Floyd himself toyed with the issue before they fought, needling–pun intended, I suppose–Team Pacquiao by pointing to ex strength and conditioning man Alex Ariza as an integral part of Manny’s success. This was in the context of Pacman trainer Freddie Roach having accused Ariza of giving his guy “shady” drinks with undisclosed chemicals in them when he was with the Congressman.
Mud is still being slung, friends. No surprise, there is immense money, and pride, and legacies at stake here.
ALSO: Sides are being taken, and the messenger, Hauser, is being fired upon. Kill the messenger if the message is disagreeable, a time honored if not honorable tradition.
The catalyst for that can be varied; some writers, I think, like their Floyd access and are sucking up.
Others, I’ve seen this from a couple “young guns,” might be suffering from envy issues. Rather than choosing to primarily parse the material, and ponder what it truly means IF the sport’s marquee star, a vocal anti-PED activist, has in fact used PEDs, some are choosing to focus on what they perceive as a journalistic misstep. They say that Hauser is biased, being that he works for HBO. And he didn’t disclose that, they rail. To the contrary, he did. See this: https://twitter.com/Woodsy1069/status/642353071247466498
We can check their, and for that matter, my archive in ten years, and if we make 25% of the impact Hauser has in his four decades in this sphere, then we will have done well. Investigative journalism is REALLY hard, and how it is done isn’t really taught in textbooks. I’m seeing a lot of criticism at a superlative talent, but I suppose that comes with that territory…
Let me be clear, I question myself all the time about how to play a story. Go negative all the time and you get a rep as a toxic type, and you get avoided. Plus, it’s too gloomy to always be looking for the bad. But journos are always doing a balancing act: how to do the right thing, keep sources, maintain a balance..and it is what it is. But I don’t care for some of these guys out there acting like they are the gold standard of ultra-professionalism, telling you they only write the truth, the whole truth, and nothing but the truth, and are completely immune from political pressures, whether it be from sources, potential sources, or their employers. (You saw an ESPN non-boxing story get an after-posting edit to soften wording harsh versus the NFL, a partner to that cabler…so this happens, all the time. Writers get impacted by politics, overtly, or covertly, oftentimes subconsciously.) I call BS. All of us can simply do the best we can, at all times…and I think most do.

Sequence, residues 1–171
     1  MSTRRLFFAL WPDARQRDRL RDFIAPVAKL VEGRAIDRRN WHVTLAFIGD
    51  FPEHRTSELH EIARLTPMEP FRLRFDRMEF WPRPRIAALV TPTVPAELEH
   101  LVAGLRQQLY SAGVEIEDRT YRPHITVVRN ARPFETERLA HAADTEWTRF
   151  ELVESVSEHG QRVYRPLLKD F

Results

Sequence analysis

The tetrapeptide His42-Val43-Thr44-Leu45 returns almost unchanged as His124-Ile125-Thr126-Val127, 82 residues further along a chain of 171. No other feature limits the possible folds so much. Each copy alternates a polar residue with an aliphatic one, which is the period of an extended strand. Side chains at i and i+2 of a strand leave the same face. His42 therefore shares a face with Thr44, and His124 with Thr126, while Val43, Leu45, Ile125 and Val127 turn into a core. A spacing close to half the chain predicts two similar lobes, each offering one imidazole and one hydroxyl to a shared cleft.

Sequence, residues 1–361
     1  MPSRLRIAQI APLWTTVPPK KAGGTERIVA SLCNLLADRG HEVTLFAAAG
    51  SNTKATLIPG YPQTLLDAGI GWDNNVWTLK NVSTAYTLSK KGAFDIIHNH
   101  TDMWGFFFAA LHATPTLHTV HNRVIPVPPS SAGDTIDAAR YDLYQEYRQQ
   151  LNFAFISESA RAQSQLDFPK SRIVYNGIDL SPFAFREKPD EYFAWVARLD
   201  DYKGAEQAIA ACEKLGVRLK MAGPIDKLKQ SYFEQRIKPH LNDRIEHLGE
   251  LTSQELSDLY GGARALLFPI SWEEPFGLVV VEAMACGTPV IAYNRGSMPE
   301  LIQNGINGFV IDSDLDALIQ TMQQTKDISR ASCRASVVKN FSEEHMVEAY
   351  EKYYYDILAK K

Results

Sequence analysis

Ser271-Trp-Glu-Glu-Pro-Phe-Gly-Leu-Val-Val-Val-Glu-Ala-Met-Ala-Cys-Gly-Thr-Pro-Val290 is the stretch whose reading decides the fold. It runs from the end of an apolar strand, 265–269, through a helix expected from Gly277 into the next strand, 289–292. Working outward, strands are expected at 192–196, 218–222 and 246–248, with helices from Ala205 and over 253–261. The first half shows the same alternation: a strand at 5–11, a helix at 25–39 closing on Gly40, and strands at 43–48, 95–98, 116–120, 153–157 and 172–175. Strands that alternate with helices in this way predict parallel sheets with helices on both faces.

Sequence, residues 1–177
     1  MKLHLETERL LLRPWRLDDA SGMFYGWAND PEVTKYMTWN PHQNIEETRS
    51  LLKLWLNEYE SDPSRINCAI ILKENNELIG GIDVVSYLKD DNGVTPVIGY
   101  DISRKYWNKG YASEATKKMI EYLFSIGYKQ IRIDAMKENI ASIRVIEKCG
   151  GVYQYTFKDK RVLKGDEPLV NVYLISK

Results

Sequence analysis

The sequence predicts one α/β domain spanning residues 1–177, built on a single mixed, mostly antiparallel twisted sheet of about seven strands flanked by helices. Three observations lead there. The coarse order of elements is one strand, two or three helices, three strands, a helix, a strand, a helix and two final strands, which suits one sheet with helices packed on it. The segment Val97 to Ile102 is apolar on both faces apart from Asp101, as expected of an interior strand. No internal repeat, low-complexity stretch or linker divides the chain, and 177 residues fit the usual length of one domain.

2:10 (ET) THURSDAY UPDATE: Thomas Hauser has released his own statement, responding to the one put out by USADA late Thursday morning. The author chooses a high degree of specificity in his comeback, you will note:
Statement of Thomas Hauser with Regard to the
September 10, 2015, Comments by Annie Skinner on Behalf of USADA
No amount of self-serving rhetoric from USADA can change the following unrebutted facts:
(1) The IV was administered at Floyd Mayweather’s home after the weigh-in on May 1. USADA learned about the IV on that date.
(2) The 2015 WADA “Prohibited Substances and Methods List” states, “Intravenous infusions and/or injections of more than 50 ml per 6 hour period are prohibited except for those legitimately received in the course of hospital admissions, surgical procedures, or clinical investigations.”
(3) The above-referenced prohibition is in effect at all times that the athlete is subject to testing. It exists because, in addition to being administered for the purpose of adding specific substances to a person’s body, an IV infusion can dilute or mask the presence of another substance that is already in the recipient’s system or might be added to it in the near future.
(4) Mayweather-Pacquiao was contested on May 2.
(5) Mayweather applied for a therapeutic use exemption on May 19 (seventeen days after the fight).
(6) USADA granted the therapeutic use exemption on May 20 (eighteen days after the fight).
(7) USADA did not notify the Nevada State Athletic Commission about the IV until May 21 (nineteen days after the fight).
Meanwhile, on May 2 (fight night), Manny Pacquiao’s request to be injected with Toradol (a legal substance) to ease the pain caused by a torn rotator cuff was denied by the Nevada State Athletic Commission because the request was not made in a timely manner.
It would be helpful if Travis Tygart or his spokesperson answered the following questions directly:
(1) What was the medical justification and supporting data that led to USADA granting the therapeutic use exemption for an otherwise prohibited IV procedure?
(2) On how many occasions has the “A” sample of a professional boxer tested by USADA come back positive for a prohibited substance?
(3) What was the testosterone-to-epitestosterone ratio for each urine test administered to Floyd Mayweather by USADA for each of his fights beginning with Mayweather vs. Shane Mosley up to and including Mayweather vs. Andre Berto?
(4) Does USADA still maintain that it handled the Erik Morales matter correctly?